Former NBA Player Keyon Dooling Visits Trinity to Share His Story of Overcoming Abuse

Athlete Examines Issues of Masculinity, Sexual Abuse, PTSD, Mental Health, and Recovery

​Hartford, Connecticut, April 18, 2017 – Retired NBA player Keyon Dooling came to Trinity College recently to discuss his personal journey of overcoming childhood sexual abuse and to help raise awareness about sexual assault. After being introduced by Ed Ogundeko ’17, a co-captain of the men’s basketball team, Dooling spoke in Mather Hall’s Washington Room on April 11 to a crowd of students, staff, faculty, and the public.

​Ed Ogundeko ’17 (left) introduces Keyon Dooling.
Before retiring, Dooling played almost 13 years in the NBA, including time with the Los Angeles Clippers, Miami Heat, Orlando Magic, New Jersey Nets, Milwaukee Bucks, and Boston Celtics. In 2012, going into his final season with the Celtics, Dooling had a mental breakdown due to posttraumatic stress disorder (PTSD) as a survivor of childhood sexual abuse. Dooling said he decided to choose his life and mental health over his career in the NBA and began to seek treatment.

Dooling began his presentation by revisiting the traumatic experience of being molested at age 7. After being sexually abused, Dooling said he sensed a shift in who he was as a person. “I had this thing called anger creeping into my life,” Dooling said. As a result of internalizing his experience, Dooling said he started indulging in deviant behavior at an early age to prove his masculinity to himself. He used basketball as an outlet from his unresolved pain and focused on attaining a scholarship for college. 

Despite trying to suppress his emotions, Dooling said he continued to face outbursts of anger throughout his adolescence and into his young adult years. At age 32, Dooling said, “I started to feel this rage coming up in me. I was getting all these flashbacks from when I was 7 and I was trying to push those visions down. I didn’t understand what I was going through.” Dooling checked into a mental institution, where he was diagnosed with PTSD.  “In one week of therapy I was able to dump all these years of baggage off and get the tools to manage and process it,” he said. “I was feeling all these emotions that I’d never experienced because as men we are told we aren’t supposed to cry.”         

​Retired NBA player Keyon Dooling speaks at Trinity College. Photos by John Atashian.
Dooling decided to turn his pain to passion. As he continued his healing process, he chose to help others by being a voice for those who have experienced trauma and may not be able to speak for themselves. Dooling said he began to reinvent himself and to empower others to take care of their mental health. “If we work so hard to take care of our physical health, we also have to work to take care of our mental health,” he said.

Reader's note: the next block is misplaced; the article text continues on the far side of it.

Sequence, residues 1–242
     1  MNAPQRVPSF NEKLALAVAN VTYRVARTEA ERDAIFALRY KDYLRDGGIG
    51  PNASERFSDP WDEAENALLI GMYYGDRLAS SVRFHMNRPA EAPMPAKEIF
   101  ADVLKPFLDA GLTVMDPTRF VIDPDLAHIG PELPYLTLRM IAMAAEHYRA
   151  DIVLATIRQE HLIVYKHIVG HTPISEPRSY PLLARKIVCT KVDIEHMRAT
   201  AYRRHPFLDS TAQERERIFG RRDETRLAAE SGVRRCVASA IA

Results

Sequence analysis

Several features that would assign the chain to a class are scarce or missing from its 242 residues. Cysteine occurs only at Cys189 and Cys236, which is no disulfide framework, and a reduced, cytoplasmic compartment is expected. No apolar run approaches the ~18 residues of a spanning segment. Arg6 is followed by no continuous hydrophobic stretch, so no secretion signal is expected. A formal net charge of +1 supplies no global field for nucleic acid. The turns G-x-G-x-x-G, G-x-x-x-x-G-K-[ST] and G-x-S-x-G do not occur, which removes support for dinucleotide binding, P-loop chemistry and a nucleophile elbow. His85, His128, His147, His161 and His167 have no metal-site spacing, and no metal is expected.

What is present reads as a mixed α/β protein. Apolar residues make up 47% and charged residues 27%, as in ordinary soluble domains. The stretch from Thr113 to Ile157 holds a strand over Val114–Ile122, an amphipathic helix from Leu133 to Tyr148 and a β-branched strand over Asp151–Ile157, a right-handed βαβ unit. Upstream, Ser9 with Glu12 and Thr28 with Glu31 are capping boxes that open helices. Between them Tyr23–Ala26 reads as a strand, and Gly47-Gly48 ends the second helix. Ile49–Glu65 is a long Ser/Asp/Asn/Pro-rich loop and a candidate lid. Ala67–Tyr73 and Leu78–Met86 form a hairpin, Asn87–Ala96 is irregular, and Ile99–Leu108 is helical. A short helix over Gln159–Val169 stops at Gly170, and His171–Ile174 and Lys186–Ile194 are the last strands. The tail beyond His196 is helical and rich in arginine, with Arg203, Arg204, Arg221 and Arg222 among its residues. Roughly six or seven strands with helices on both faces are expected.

Two student-athletes on the Trinity football team explained what they learned from Dooling’s talk. Denzel Munroe ’18 said, “His story resonated with me and I learned a lot about myself from it.”

Sonny Puzzo ’18 added, “One of the things that stuck with me, being a male athlete, after listening to Keyon speak, was the courage that it takes to recite his story to us. Something that a lot of people would normally be ashamed to admit, he shares with audiences in hopes that it could help people in situations similar to his own.”

Monique Daley, the event organizer and the training and program coordinator for Trinity’s Women & Gender Resource Action Center (WGRAC), said, “These talks are important to host at Trinity. Developing the academic mind while simultaneously developing the social and emotional self of each and every student is important in shaping the campus culture.” She noted that Dooling addressed a sensitive matter from a different perspective: a black male athlete who has survived sexual violence. Daley added, “To effectively address sexual violence and or challenge negative or misunderstood perceptions of masculinity, stereotypes must be broken and addressed.”

Dooling has authored an autobiography titled What's Driving You??? How I Overcame Abuse and Learned to Lead in the NBA. Through his book and his motivational speaking, Dooling said he has shared his experience in the hope of leaving a “trail of healing” so someone else who might be suffering can learn from his story. He concluded his discussion with this encouragement: “If you have an issue, it doesn’t make you crazy or weird, it makes you human. Everything has a process to it. Accept, respect, and embrace the process.”              

Dooling’s talk was sponsored by WGRAC, with support from many offices across Trinity’s campus. WGRAC will next host “Take Back the Night” on April 18 at 7 p.m. at Vernon Social and a “Trauma Informed Workshop for Survivors of Sexual Violence” on April 26 at 4:30 p.m. in Mather Hall’s Rittenberg Lounge. WGRAC’s Masculinity Project will host “Walk a Mile in Her Shoes” to encourage support and empathy for survivors of sexual violence on April 28 at 4:00 p.m. on the Main Quad (rain location: Mather Hall).

Click here to see a Hartford Courant article and video about Dooling’s talk.

Written by Lorig Purutyan ’17